12 Chapter 112Service-Oriented Computing: Semantics, Processes, Agents - Munindar Singh and Michael Huhns Kinds of Networks Internet Intranet: network restricted within an enterprise Extranet: private network restricted to selected enterprises Virtual Private Network (VPN): a way to realize an intranet or extranet over the Internet When we talk about Internet computing or Web services, we consider all of the above as possible environments

13 Chapter 113Service-Oriented Computing: Semantics, Processes, Agents - Munindar Singh and Michael Huhns Open Environments: Characteristics Cross enterprise boundaries or administrative domains Comprise autonomous resources that Involve loosely structured addition and removal Range from weak to subtle consistency requirements Involve updates only under local control Frequently involve nonstandard data Have intricate interdependencies

14 Chapter 114Service-Oriented Computing: Semantics, Processes, Agents - Munindar Singh and Michael Huhns Autonomy (Usage) Independence of business partners (users) Political reasons Ownership of resources Control, especially of access privileges Payments Technical reasons Opacity of systems with respect to key features, e.g., precommit

15 Chapter 115Service-Oriented Computing: Semantics, Processes, Agents - Munindar Singh and Michael Huhns Heterogeneity (Construction) Independence of component designers and system architects Political reasons Ownership of resources Technical reasons Conceptual problems in integration Fragility of integration Difficult to guarantee behavior of integrated systems Best not to assume homogeneity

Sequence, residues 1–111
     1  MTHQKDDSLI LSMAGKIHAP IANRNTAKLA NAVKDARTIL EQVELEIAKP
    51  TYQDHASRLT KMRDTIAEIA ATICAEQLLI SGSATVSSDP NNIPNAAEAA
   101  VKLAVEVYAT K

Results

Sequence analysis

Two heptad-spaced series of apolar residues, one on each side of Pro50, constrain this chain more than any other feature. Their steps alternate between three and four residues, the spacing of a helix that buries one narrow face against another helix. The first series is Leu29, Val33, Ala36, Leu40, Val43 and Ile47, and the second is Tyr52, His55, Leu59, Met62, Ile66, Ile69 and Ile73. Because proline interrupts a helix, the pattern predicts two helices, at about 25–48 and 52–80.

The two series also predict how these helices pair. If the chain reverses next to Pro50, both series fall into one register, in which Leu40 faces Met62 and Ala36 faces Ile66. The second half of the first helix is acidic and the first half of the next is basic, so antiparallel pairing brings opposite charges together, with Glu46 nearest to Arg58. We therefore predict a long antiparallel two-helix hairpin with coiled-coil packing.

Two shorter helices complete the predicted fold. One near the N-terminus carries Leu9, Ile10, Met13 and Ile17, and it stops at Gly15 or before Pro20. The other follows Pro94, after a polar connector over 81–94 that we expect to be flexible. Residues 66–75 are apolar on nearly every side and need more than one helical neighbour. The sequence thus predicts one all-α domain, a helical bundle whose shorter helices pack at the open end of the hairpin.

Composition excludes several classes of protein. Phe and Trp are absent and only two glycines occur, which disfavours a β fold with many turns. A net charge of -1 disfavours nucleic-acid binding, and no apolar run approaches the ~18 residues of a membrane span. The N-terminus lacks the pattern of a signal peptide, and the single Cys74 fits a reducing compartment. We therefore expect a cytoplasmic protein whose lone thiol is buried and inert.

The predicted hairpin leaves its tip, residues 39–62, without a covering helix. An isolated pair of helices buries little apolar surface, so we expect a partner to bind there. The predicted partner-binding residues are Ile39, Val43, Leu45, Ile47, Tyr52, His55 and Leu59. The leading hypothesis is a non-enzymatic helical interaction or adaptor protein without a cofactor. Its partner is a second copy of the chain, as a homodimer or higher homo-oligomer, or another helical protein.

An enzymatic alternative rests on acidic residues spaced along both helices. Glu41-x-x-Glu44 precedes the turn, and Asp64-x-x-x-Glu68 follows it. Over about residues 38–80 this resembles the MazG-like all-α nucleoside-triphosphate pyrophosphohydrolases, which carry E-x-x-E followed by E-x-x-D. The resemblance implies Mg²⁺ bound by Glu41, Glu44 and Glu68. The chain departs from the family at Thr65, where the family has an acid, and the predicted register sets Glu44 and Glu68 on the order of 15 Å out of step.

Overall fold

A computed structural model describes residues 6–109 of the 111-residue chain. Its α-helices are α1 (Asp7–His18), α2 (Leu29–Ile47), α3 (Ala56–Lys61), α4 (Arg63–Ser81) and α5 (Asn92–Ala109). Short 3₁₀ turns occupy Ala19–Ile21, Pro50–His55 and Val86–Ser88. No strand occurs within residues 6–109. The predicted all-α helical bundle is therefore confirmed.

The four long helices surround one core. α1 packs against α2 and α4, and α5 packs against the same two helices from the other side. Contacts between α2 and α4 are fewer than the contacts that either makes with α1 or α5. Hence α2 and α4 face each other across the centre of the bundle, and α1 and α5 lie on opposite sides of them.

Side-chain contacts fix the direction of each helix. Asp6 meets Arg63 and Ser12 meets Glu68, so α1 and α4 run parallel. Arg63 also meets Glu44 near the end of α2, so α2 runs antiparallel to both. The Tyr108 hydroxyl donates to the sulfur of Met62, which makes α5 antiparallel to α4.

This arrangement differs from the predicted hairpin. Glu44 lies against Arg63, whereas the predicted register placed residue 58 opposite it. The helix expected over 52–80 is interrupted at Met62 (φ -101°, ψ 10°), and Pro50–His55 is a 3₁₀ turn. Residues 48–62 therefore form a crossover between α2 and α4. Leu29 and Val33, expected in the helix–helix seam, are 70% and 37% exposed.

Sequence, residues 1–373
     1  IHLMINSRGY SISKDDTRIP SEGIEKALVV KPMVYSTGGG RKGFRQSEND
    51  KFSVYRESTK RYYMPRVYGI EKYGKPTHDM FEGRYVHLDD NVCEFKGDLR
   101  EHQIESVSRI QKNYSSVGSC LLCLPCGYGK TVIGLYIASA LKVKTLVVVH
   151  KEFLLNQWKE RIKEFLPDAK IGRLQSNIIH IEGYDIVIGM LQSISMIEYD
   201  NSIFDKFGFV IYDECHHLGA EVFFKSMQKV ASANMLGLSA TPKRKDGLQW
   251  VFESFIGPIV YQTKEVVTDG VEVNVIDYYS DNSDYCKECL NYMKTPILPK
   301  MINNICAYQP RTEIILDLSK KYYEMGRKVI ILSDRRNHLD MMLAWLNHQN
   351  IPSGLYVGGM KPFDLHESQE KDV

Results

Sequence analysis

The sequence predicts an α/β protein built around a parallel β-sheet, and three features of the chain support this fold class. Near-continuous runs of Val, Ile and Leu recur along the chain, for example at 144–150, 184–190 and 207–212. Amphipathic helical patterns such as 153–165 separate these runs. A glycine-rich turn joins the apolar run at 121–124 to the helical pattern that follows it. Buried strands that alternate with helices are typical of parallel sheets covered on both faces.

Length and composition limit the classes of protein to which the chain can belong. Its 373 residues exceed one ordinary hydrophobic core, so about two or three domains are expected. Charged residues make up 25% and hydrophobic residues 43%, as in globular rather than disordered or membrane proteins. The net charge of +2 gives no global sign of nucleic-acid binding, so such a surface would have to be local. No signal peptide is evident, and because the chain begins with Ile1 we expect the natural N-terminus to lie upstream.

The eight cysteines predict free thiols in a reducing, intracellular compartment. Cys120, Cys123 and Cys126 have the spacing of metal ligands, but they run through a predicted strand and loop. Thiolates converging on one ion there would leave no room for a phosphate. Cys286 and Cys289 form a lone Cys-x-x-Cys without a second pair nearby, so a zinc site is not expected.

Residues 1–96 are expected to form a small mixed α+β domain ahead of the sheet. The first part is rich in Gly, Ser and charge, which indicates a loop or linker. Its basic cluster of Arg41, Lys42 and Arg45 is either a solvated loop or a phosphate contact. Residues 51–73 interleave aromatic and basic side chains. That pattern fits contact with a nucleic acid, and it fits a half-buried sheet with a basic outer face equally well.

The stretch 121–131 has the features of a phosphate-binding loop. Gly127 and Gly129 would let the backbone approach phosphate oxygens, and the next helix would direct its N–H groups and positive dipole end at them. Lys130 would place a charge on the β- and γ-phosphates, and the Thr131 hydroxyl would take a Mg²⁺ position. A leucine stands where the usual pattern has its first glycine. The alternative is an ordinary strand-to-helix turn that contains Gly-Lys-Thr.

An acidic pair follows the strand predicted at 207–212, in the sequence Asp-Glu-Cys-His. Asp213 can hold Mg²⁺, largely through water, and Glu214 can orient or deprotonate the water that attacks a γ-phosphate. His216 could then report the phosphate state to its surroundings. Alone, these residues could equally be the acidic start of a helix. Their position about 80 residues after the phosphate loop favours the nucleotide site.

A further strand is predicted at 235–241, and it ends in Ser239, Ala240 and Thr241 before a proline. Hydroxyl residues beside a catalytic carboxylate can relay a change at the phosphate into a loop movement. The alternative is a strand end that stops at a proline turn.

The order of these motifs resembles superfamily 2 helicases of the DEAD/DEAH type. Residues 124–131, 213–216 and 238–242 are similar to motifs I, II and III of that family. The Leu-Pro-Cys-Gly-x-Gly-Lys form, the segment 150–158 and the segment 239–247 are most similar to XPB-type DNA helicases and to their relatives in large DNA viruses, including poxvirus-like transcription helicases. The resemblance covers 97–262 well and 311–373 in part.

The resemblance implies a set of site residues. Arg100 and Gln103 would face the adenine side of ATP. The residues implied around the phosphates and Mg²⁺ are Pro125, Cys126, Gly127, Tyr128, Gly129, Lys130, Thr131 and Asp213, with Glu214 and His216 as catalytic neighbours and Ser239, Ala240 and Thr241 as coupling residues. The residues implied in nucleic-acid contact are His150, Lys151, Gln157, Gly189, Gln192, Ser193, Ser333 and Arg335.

16 Chapter 116Service-Oriented Computing: Semantics, Processes, Agents - Munindar Singh and Michael Huhns Dynamism (Configuration) Independence of system administrators Needed because the parties change Architecture and implementation Behavior Interactions Make configurations dynamic to improve service quality and maintain flexibility

17 Chapter 117Service-Oriented Computing: Semantics, Processes, Agents - Munindar Singh and Michael Huhns Locality Global information (data, schemas, constraints) causes Inconsistencies Anomalies Difficulties in maintenance Global information is essential for coherence Locations of services or agents Applicable business rules Relaxation of constraints works often Obtain other global knowledge only when needed Correct rather than prevent violations of constraints: often feasible When, where, and how of corrections must be specified, but it is easier to make it local

18 Chapter 118Service-Oriented Computing: Semantics, Processes, Agents - Munindar Singh and Michael Huhns Historical View of Services over the Web GenerationScopeTechnologyExample FirstAllBrowserAny HTML page SecondProgrammaticScreen scraper Systematically generated HTML content ThirdStandardizedWeb servicesFormally described service FourthSemanticSemantic Web services Semantically described service

19 Chapter 119Service-Oriented Computing: Semantics, Processes, Agents - Munindar Singh and Michael Huhns The Evolving Web Near Web: conventional mouse-keyboard-monitor interaction with a personal computer, typically for purposes such as surfing the Web Far Web: interaction with a computer from across a room as with a TV remote control, typically for entertainment, such as listening to music or viewing a movie Here Web: interaction with a mobile device, with narrow bandwidths for input and output Weird Web: interaction through emerging interface technologies, such as voice and wearable computing

20 Chapter 120Service-Oriented Computing: Semantics, Processes, Agents - Munindar Singh and Michael Huhns Applications of Services Services should be composable Provided independently Used in novel, unanticipated ways Portals Organized by topic or affinity Best when personalized E-commerce Legacy system integration Virtual enterprises Grid computing

21 Chapter 121Service-Oriented Computing: Semantics, Processes, Agents - Munindar Singh and Michael Huhns Chapter 1 Summary Evolving perspectives on the Web Evolutions in IT architectures Key aspects of open environments Autonomy Heterogeneity Dynamism Services, if understood correctly, can support IT in open environments